Jeff returned to Fresno and taught film making, music, and English at Roosevelt School of The Arts for the next twenty years. It was during this time he began to develop his show The Last Pioneer. The show tells the story of his life with his beloved Grandmother, Billie Murphy. Mrs. Murphy was the first female fire lookout for the San Bernardino National Forest. She began that job at the age of forty-six, in 1946, working that post for the next twenty-one years.

Today in the Rogue Festival performances, Jeff features a wonderful acoustic band comprised of Dean MacDonald, Phil Wimer, John Shafer, and Ray Haney. They help Jeff tell a wonderfully heartwarming story about love and learning and his summer of 1957 when he lived at the Keller Peak fire lookout with his Grandmother.

Jeff has also written a graphic novel, How The Light Gets In and publishes a magazine, The Last Pioneer, which is a chronicle of his childhood spent with his grandmother Billie Murphy.

Shows and times: March 6th 6:45 pm Friday, March 8th 1:45 pm, March 12th
8:30 pm, March 14th 5:30 pm.
Performances at Spectrum Art Gallery in the
Tower District, Fresno, Ca.

Casey’s Story: Missing
By Wendy Berry

Every year at the Rogue festival I watch numerous shows and am in awe and moved at the stories I hear told. Artists pouring their hearts out through music, dance, and spoken word. I go home inspired to do the same. But think, what can I say to people to inspire and move them just as I have been?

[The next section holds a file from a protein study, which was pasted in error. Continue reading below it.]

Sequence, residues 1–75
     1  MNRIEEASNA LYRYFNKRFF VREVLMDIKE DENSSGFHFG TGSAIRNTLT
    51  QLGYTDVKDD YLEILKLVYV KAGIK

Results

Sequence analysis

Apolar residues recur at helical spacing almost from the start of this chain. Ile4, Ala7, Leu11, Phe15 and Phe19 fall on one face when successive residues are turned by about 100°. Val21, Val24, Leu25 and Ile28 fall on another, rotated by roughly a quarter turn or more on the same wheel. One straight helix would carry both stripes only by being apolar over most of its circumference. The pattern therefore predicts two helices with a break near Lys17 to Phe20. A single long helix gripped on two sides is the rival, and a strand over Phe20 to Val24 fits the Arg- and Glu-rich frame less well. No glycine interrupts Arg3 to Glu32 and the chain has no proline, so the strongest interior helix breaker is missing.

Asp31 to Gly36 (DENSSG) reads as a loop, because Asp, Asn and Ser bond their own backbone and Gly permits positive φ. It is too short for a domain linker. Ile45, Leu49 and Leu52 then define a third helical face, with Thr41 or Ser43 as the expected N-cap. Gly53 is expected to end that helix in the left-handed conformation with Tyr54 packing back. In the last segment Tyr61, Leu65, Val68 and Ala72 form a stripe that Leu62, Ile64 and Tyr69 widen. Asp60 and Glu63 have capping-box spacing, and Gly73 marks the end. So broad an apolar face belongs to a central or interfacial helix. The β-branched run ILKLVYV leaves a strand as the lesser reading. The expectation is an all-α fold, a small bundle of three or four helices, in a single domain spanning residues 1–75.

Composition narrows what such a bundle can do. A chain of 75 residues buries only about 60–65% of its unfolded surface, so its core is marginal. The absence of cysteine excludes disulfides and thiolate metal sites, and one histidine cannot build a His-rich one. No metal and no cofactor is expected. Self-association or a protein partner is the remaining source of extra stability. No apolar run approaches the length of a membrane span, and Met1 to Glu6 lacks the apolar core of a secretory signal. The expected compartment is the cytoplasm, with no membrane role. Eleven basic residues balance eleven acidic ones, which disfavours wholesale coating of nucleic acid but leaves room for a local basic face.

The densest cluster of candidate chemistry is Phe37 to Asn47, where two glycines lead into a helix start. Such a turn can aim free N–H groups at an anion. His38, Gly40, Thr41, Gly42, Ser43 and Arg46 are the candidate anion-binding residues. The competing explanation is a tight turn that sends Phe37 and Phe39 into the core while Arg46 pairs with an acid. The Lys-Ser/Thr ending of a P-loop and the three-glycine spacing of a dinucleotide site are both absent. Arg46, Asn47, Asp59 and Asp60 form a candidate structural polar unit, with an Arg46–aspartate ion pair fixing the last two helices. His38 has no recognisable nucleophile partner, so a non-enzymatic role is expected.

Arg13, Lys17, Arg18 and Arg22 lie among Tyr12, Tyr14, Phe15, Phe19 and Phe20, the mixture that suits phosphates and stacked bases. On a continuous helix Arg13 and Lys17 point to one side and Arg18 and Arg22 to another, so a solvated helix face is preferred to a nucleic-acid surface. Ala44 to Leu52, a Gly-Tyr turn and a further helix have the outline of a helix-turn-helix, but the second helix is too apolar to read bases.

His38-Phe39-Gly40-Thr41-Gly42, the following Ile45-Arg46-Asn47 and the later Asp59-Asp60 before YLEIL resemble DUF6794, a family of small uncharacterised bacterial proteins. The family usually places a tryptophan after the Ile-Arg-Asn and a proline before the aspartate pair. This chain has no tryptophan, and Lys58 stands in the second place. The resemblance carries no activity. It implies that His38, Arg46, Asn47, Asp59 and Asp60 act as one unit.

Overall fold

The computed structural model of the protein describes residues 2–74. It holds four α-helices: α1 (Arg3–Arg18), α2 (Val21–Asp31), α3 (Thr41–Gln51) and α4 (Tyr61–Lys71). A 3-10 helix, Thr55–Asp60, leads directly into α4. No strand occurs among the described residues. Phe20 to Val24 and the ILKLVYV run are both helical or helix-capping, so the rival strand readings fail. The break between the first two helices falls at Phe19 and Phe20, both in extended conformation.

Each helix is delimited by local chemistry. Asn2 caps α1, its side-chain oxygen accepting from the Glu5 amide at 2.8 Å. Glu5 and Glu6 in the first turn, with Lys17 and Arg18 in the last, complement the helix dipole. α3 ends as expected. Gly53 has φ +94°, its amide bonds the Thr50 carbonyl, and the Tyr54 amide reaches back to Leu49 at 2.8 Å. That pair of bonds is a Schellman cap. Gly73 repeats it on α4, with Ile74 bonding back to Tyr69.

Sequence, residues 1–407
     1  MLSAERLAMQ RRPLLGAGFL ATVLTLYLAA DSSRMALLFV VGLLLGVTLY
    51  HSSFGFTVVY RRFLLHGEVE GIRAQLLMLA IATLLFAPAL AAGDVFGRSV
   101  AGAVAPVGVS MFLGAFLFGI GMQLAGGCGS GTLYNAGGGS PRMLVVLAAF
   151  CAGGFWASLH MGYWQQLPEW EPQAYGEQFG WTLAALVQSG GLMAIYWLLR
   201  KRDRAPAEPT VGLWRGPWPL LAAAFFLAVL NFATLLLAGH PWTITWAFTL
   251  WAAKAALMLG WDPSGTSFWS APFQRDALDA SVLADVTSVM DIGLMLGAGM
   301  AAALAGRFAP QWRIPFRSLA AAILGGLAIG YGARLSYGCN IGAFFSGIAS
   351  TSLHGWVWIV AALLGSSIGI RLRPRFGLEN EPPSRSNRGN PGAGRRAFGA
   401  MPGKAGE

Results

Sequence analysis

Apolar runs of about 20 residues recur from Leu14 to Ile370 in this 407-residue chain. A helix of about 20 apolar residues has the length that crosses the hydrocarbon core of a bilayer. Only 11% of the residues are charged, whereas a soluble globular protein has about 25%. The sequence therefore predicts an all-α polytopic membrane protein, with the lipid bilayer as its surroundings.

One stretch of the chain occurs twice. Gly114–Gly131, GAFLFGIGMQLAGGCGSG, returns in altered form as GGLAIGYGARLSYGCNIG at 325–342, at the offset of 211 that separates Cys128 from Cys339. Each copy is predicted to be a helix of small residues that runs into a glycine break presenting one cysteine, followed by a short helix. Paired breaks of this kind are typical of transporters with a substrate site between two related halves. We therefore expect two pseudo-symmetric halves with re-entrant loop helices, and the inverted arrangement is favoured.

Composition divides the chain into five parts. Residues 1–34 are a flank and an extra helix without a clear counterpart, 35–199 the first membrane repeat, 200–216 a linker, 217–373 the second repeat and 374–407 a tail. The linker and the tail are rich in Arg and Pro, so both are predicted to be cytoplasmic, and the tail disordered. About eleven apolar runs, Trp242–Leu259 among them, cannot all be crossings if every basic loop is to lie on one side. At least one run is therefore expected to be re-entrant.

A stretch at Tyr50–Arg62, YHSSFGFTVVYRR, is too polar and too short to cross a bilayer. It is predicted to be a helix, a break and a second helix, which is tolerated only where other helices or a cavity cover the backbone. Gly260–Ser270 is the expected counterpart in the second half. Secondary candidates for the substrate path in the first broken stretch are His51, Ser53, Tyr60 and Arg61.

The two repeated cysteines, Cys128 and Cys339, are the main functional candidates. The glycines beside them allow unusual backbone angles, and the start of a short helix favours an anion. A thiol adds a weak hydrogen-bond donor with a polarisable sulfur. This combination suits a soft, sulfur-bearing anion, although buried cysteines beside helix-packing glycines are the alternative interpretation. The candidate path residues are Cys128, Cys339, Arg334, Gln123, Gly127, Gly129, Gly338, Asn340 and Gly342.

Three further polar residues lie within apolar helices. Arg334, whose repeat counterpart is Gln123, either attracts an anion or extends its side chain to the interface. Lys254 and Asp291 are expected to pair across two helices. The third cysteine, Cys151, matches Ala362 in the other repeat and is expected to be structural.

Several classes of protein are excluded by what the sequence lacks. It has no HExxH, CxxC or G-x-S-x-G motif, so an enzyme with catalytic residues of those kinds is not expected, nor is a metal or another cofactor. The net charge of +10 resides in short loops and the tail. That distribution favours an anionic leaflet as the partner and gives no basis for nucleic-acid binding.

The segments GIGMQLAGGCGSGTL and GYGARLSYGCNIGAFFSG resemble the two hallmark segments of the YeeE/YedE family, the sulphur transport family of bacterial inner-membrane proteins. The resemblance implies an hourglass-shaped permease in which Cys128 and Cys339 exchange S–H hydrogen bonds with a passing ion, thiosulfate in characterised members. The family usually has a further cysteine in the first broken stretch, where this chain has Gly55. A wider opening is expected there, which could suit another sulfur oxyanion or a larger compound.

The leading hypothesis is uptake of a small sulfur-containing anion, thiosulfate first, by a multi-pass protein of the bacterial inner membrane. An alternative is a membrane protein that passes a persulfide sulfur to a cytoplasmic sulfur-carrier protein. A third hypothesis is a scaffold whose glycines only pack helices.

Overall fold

I have a normal, boring life. I work in the veterinary field and grew up in the small town of Reedley, California. Certainly not what I would consider an artist, actor, musician, or writer. However, I do have a story. I have a brother; his name is Casey. And I have amazingly talented friends and family. And this is how I ended up with a Rogue show this year.

You see, my brother Casey and I grew up together in the blossom trail filled countryside of Reedley. It had very different effects on each of us, and definitely different outcomes. Mine, led me to Fresno, and a life of veterinary medicine. His, led him to Colorado and the beauty of the world. My story is still evolving, while his is on hold as he has been an Endangered Missing Person since February 14, 2007.